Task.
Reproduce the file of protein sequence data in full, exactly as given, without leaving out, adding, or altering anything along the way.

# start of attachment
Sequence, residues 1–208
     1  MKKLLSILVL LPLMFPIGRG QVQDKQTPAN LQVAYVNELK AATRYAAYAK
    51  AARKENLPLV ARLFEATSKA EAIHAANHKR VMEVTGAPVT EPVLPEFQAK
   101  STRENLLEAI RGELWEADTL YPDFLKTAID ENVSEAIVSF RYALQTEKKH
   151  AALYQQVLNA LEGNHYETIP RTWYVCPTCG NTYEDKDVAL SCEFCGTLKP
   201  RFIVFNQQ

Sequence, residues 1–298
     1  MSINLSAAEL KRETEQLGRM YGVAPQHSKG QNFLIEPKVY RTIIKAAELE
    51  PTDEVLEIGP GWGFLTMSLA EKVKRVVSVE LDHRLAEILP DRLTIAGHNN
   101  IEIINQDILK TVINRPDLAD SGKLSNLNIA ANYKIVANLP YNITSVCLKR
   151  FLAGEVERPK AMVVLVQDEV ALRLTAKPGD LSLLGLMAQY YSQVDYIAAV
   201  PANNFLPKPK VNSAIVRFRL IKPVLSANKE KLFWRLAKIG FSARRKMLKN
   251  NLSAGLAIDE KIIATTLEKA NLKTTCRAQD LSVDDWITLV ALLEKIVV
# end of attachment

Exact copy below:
Sequence, residues 1–208
     1  MKKLLSILVL LPLMFPIGRG QVQDKQTPAN LQVAYVNELK AATRYAAYAK
    51  AARKENLPLV ARLFEATSKA EAIHAANHKR VMEVTGAPVT EPVLPEFQAK
   101  STRENLLEAI RGELWEADTL YPDFLKTAID ENVSEAIVSF RYALQTEKKH
   151  AALYQQVLNA LEGNHYETIP RTWYVCPTCG NTYEDKDVAL SCEFCGTLKP
   201  RFIVFNQQ

Sequence, residues 1–298
     1  MSINLSAAEL KRETEQLGRM YGVAPQHSKG QNFLIEPKVY RTIIKAAELE
    51  PTDEVLEIGP GWGFLTMSLA EKVKRVVSVE LDHRLAEILP DRLTIAGHNN
   101  IEIINQDILK TVINRPDLAD SGKLSNLNIA ANYKIVANLP YNITSVCLKR
   151  FLAGEVERPK AMVVLVQDEV ALRLTAKPGD LSLLGLMAQY YSQVDYIAAV
   201  PANNFLPKPK VNSAIVRFRL IKPVLSANKE KLFWRLAKIG FSARRKMLKN
   251  NLSAGLAIDE KIIATTLEKA NLKTTCRAQD LSVDDWITLV ALLEKIVV